Wedding Season: 2008 (extended edition)
Tomorrow is the finale of wedding season 2008: I will attend my fifth (and last) wedding of this summer. It will be the fifth time that I am supposed to get a new dress, new shoes, new purse, and a professional to do my hair and make-up for a considerable amount of money. (And to think that five is not even considered to be a lot, knowing that one of my friends had to attend no less than 14 weddings over the course of four months – that’s more than one a week!) (And to add that I am lucky that not all my friends know each other, so I can get away with alternating dresses and switching shoes to look all new and shiny for the next party…) (But I digress.) The season was actually kicked off in The Netherlands by my cousin who finally got married to his boyfriend. Hilarity all over, of course, when I came back to Beirut and was asked to recount my holiday-adventures in Arabic class. ‘So, I went to my cousins wedding, and his husband…’ ‘HER husband’, my teacher immediately corrected, ‘ehm, no, HIS husband….’ Oh yes, that’s how we do things in Holland, as she remarked rather displeased, but in Lebanon, weddings aren’t to be taken too lightly.
Weddings in Lebanon are serious business, in fact. Everything is important: the amount of invitees, the number of guests, the prestige of the location, the abundance of the decoration, the costumes of the dancers, the freshness of the flower-arrangements, the amount of food, the sparklingness of the bride’s dress – everything. For upper class Lebanese, weddings are the ultimate way to show their position in society, and for those longing to be part of the upper class they are the ultimate way to create a gigantic debt and pretend to have a position in society to show off. Upper class weddings are nothing like the village wedding that I attended two years ago, where all the guests fitted in one front yard.
A typical wedding will include all or most of the following: - 1/3rd of the more than 500 guests are friends and close relatives of the couple, the rest are very-far extended family and business-partners invited by the parents - after the groom has walked in on his own, all eyes are out for the grand entrance of the bride, who will be accompanied by her father and preceded by up to 8 traditional dancers jumping and twirling - of the three camera-crews present, one is instructed to focus on the bride and on the bride only. The other two are for the groom, the couple, the decoration, and the audience (excuse me: guests) - the couple will spend the evening going around the room to have their picture taken with everyone of the 500+ guests, who will receive a copy of the picture on their way out as a thank-you note - a five layers high wedding cake, which will be lightly cut by the couple jointly holding the saber, then carted off to a corner of the room while the guests are served pieces of another inedible cake decorated with white glazing - a band with a keyboard or a dj, who plays the exact list of songs the bride has told him she likes, in complete disregard of the mood of the guests who are supposed to have dinner or dance to it - the throwing of the wedding-bouquet, even though blindly over the right shoulder, inevitably straight into the hands of the best friend who is, unfortunately, still unmarried - an amount of make-up on the guest’s faces that could sustain a theater-company for a year, and a collection of glittering jewelry on the guest’s necks, ears, arms, and fingers that would make the Rockefeller Christmas-tree look pale in comparison - the incessant repetition of the wish Ae’belik – ‘may you be next’, even if you have no intention of getting hitched anytime soon - and, not to forget, a worried mother of the bride who keeps running around her daughter to make sure the dress is always draped in perfect position. You know, for the pictures.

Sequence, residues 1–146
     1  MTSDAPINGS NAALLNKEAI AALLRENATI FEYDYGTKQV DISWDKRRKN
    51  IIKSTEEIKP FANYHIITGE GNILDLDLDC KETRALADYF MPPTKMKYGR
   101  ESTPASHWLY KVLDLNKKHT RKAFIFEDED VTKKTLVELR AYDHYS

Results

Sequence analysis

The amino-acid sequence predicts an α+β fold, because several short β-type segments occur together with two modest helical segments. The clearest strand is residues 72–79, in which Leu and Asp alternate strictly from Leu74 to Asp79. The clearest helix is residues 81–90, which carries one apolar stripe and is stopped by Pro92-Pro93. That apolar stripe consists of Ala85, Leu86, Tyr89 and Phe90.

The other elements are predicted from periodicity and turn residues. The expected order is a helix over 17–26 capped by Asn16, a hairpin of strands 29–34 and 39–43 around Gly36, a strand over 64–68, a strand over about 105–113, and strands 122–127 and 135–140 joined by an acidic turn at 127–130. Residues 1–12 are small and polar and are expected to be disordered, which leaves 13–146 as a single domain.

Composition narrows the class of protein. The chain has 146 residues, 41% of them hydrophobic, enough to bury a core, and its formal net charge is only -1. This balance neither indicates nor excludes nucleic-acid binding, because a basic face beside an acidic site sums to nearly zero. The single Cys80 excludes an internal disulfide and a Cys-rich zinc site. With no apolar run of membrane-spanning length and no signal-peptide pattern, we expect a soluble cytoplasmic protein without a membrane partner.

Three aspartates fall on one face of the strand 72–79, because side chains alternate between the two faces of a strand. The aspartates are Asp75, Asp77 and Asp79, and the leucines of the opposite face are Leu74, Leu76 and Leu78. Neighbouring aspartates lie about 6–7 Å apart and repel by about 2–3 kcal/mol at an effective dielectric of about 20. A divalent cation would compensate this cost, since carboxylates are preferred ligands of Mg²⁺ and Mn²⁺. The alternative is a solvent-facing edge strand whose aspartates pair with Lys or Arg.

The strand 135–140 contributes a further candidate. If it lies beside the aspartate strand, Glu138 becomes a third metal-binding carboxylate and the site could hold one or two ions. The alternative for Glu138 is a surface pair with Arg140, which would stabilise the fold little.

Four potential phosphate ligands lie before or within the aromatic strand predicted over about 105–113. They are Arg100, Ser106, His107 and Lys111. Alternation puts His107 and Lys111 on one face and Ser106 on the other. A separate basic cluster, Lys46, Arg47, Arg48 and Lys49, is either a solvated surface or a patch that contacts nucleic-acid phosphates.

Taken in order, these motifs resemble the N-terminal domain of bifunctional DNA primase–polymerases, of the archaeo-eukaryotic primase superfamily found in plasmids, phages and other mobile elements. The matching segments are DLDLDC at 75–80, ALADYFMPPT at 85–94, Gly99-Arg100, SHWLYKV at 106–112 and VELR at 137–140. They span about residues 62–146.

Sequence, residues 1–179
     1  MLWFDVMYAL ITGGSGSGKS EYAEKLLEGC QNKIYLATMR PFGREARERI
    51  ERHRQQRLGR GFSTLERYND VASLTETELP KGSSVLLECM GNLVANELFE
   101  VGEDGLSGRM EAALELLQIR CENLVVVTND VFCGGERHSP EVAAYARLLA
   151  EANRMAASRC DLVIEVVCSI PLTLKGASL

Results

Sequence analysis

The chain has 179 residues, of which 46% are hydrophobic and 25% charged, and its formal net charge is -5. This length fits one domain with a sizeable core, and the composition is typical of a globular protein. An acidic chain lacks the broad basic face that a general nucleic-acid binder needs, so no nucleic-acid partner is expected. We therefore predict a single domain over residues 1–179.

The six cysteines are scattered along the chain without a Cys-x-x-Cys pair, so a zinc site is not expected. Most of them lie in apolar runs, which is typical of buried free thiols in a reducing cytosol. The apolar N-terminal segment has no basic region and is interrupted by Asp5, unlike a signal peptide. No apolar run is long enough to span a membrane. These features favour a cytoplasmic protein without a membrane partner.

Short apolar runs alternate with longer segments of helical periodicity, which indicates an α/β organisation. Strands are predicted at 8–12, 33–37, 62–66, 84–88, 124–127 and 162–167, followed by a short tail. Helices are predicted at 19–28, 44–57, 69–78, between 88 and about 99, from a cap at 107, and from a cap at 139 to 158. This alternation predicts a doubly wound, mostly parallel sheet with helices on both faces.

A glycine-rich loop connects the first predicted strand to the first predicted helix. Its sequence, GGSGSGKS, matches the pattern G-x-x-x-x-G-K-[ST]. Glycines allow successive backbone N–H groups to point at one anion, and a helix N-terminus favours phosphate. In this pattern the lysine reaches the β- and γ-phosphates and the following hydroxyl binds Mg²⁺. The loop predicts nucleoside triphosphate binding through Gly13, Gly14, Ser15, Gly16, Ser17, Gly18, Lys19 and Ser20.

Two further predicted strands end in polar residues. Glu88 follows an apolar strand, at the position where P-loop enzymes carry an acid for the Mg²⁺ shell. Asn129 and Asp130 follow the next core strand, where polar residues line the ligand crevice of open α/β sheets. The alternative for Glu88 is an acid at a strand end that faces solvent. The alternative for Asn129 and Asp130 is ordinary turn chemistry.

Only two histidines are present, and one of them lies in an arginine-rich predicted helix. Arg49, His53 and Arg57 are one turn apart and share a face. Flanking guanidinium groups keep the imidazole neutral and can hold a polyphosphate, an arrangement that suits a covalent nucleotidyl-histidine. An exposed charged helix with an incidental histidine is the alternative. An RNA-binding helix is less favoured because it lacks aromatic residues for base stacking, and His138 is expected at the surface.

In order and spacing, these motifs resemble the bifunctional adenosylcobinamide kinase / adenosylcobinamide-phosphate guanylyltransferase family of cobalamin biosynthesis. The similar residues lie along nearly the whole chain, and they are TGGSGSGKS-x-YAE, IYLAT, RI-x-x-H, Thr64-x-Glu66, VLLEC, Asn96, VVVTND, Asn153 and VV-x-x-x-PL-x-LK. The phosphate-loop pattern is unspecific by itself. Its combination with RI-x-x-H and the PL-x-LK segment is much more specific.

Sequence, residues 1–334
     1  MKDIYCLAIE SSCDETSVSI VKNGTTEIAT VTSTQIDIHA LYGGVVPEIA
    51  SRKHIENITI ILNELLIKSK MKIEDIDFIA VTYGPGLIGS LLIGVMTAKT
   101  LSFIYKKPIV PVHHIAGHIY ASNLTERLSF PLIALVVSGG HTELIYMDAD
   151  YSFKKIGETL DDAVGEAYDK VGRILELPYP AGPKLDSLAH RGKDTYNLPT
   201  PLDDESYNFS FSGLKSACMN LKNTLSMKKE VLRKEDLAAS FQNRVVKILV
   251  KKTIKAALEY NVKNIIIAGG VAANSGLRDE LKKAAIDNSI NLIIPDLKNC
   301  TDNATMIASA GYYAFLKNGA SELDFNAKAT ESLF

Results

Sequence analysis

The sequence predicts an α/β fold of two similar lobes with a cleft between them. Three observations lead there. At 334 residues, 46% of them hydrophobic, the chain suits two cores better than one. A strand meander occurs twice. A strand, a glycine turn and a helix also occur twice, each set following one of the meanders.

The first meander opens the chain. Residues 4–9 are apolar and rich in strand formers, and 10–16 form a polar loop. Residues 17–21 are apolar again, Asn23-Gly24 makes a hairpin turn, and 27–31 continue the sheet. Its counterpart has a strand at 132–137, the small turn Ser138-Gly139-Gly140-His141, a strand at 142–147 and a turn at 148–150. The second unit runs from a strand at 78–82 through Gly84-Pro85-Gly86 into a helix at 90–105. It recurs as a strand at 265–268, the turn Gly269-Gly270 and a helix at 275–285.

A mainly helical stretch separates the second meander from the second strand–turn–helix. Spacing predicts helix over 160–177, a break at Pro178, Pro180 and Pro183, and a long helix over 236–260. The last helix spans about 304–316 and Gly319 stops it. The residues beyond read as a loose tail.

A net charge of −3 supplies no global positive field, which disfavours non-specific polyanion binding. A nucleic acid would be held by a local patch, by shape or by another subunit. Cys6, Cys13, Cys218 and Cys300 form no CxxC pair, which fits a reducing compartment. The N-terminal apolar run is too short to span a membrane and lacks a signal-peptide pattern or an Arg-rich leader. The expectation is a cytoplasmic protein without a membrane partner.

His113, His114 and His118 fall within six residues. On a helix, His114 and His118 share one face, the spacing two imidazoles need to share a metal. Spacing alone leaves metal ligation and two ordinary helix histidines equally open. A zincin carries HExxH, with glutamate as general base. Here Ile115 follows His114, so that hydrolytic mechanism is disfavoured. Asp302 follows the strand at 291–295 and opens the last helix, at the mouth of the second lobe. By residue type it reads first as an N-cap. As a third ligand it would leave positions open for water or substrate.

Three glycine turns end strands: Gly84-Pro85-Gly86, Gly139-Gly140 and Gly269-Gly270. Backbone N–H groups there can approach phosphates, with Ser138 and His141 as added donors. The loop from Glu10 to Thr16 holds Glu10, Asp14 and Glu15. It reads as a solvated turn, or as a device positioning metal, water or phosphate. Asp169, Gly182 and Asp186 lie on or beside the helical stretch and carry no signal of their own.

And if you don’t believe me? Come join me tomorrow. There are 1200 invitees – I think I can sneak in one extra…
Wishing all my friends who got married this year luck and happiness in their marriages. Alf mabrouk!